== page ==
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Ashton meets Ukraine leader in push to resolve crisis
 
 
 
Ashton meets Ukraine leader in push to resolve crisis

KIEV : EU foreign policy chief Catherine Ashton met Ukrainian President Viktor Yanukovych on Wednesday in a fresh effort to resolve a two-month crisis as lawmakers battled over a deal to curb the president’s powers.
Buoyed by support from Western dignitaries including the EU’s Ashton, the opposition has accused Yanukovych of dragging his feet over proposals to end the worst standoff in Ukraine’s history since the fall of the Soviet Union.
“The political crisis continues,” boxer-turned-politician Vitali Klitschko said in parliament as it debated an opposition demand for a curb on presidential powers. “People in the streets are waiting for a solution. If we don’t agree on it, there will be a new wave of escalating tensions,” he said.
The protest leaders want the president to reform the constitution to take away some of his powers in an effort to defuse a crisis that has pitted Ukraine’s former master Russia against the West.
“I hope that already today we will be able to agree on a blueprint according to which we will be changing the constitution,” the president’s representative in parliament, Yuriy Myroshnychenko, told reporters.
The embattled 63-year-old leader was expected to arrive in Sochi on Friday to discuss the crisis with Putin on the sidelines of the opening ceremony for the Winter Olympic Games.
Ukraine’s economy is in tatters and the government is waiting for Russia to release in full the $15 billion (11 billion euros) Putin has promised Kiev in a critical bailout that has now been put on hold pending the instalment of a new government.
The opposition for its part has called for financial aid from the West, and Ashton has raised the possibility of Western financing in exchange for democratic reforms.
“During her visit she will discuss the efforts in support of a political resolution to the crisis and how the EU can assist these efforts,” said spokeswoman Maja Kocijancic, confirming that a meeting with Yanukovych had begun.
Both Brussels and Washington have threatened sanctions against Ukrainian officials amid warning the country was on the brink of “civil war.”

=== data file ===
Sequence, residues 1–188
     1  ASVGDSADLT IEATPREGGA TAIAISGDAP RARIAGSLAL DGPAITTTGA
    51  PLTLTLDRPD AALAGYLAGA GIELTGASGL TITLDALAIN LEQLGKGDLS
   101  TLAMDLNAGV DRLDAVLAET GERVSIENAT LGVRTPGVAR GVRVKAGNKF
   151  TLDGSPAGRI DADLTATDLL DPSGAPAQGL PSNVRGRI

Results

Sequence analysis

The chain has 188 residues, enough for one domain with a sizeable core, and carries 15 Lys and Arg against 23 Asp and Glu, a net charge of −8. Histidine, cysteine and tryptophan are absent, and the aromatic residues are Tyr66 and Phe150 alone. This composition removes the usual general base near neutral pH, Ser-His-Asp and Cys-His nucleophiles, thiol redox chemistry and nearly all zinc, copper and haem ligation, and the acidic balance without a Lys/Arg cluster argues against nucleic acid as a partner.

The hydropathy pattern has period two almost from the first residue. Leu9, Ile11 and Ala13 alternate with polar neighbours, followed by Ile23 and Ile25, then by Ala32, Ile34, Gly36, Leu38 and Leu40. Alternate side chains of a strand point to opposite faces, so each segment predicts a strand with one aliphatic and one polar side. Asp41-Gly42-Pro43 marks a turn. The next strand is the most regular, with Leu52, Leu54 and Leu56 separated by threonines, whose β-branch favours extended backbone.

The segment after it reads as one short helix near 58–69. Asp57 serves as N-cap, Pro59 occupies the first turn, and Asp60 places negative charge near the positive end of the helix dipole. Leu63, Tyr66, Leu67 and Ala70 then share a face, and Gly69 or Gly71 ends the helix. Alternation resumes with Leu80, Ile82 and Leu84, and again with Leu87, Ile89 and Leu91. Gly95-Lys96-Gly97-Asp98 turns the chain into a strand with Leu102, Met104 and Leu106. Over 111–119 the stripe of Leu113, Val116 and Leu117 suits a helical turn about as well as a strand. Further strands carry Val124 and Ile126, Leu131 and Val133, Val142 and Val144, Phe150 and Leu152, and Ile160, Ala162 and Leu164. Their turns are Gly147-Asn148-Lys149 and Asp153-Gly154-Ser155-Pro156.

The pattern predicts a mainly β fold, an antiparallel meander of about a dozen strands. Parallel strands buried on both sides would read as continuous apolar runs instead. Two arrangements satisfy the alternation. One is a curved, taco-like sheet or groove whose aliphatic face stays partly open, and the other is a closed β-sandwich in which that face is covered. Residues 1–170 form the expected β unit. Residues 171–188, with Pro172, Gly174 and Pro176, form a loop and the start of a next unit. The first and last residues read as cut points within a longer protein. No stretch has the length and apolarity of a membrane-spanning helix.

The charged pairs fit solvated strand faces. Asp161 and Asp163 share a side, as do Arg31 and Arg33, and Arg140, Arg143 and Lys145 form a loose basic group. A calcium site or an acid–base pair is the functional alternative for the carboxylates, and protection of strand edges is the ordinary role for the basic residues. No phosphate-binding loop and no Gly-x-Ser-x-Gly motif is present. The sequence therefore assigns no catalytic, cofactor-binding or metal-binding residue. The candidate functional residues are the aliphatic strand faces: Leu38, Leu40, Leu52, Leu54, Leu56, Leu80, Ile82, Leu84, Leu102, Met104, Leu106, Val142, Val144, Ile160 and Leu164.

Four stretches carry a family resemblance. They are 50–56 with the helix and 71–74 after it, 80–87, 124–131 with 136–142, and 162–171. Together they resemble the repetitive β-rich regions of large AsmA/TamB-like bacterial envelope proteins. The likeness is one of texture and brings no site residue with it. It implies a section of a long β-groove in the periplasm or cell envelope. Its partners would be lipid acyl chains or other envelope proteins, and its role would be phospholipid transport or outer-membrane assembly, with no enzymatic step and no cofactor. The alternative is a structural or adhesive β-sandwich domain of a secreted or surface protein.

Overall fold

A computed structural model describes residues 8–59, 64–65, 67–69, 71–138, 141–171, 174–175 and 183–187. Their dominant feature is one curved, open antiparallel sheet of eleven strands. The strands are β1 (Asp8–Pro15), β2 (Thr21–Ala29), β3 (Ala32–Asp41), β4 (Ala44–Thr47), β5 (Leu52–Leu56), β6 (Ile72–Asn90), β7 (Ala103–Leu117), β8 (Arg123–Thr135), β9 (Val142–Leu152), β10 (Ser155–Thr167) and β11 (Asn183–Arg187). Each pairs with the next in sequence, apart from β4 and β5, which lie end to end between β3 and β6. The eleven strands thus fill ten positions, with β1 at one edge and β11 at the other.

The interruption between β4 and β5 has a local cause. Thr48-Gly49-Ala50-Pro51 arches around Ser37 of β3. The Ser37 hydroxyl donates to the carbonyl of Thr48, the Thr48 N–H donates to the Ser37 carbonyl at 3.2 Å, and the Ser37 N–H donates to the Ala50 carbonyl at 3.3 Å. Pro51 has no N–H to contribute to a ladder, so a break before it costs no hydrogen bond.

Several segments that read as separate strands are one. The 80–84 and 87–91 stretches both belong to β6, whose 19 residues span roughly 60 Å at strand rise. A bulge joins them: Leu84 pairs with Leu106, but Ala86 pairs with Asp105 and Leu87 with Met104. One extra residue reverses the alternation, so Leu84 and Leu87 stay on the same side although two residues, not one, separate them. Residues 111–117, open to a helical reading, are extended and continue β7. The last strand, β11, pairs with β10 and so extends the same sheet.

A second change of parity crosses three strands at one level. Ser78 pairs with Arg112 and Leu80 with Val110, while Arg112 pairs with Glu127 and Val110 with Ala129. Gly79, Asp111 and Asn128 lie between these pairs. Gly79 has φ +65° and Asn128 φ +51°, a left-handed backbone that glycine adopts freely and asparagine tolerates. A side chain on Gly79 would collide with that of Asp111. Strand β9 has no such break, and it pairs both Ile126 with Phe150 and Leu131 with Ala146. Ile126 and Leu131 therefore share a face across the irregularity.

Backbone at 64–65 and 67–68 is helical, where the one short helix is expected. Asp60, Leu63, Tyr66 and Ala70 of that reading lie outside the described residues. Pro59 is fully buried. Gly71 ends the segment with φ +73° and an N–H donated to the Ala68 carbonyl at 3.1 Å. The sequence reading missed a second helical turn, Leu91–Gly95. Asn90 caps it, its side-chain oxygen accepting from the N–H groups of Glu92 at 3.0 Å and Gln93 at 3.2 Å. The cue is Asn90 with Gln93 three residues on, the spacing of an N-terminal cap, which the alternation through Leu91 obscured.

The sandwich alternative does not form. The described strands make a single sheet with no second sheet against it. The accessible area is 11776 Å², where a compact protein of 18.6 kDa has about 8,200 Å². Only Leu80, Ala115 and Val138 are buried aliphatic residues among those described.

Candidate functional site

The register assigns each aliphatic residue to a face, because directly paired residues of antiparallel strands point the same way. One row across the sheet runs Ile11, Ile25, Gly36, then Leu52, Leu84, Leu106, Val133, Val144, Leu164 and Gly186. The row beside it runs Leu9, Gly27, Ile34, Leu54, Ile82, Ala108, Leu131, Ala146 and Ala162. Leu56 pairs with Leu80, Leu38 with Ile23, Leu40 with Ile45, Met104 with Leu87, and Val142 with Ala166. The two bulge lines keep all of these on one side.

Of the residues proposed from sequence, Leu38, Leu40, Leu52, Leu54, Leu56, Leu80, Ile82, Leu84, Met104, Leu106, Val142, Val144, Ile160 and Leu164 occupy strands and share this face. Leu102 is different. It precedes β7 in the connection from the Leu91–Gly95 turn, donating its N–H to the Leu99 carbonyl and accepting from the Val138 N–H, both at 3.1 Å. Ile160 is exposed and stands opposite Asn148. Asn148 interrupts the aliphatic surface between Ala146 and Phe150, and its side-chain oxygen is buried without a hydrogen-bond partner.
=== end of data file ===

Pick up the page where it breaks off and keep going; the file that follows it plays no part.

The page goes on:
In a concession to protesters camped out on Kiev’s barricaded Independence Square, Myroshnychenko said Yanukovych was also considering an early election before the scheduled end of his mandate in 2015.
Oleksandr Yefremov, the head of Yanukovych’s Regions Party in parliament, also said the president next week could unveil his nomination for prime minister after the previous cabinet resigned last month under opposition pressure.
But the opposition accuses the Ukrainian leader of seeking to win time rather than put an end to a turmoil that left several people dead and turned parts of the capital Kiev into a battle zone.
Ashton dined with opposition leaders on Tuesday and was set to meet them again Wednesday, along with representatives of anti-Yanukovych civil society movements and non-governmental groups.
“The European Union’s high representative Lady Ashton assured us that Europe is ready to delegate high-level mediators for negotiations with the authorities,” Klitschko said.
Ukraine’s protests erupted in November after Yanukovych rejected an association agreement with the European Union in favour of closer ties with Moscow, and the turmoil has now become an all-out movement to oust him.
The president has already scrapped controversial anti-protest laws and dismissed the government but protesters on the streets are demanding a wholesale “reset” of power.
Under Ukraine’s constitution, the president now has less than 60 days to name a new cabinet.
In a phone call Tuesday, US Vice President Joe Biden urged Yanukovych to pursue dialogue and compromise as he called for the “immediate” pulling back of riot police.
The opposition says that while there are now no open clashes with the police, activists are being beaten by pro-government militias as part of a “secret repression”.
Lithuania on Tuesday confirmed signs of torture on Dmytro Bulatov, a Ukrainian activist it is treating, and urged an independent investigation.
Bulatov, who claims he was kidnapped and “crucified” by unknown assailants, is a criminal suspect in Ukraine and was only allowed to leave on Sunday following intense diplomatic lobbying.

 
 
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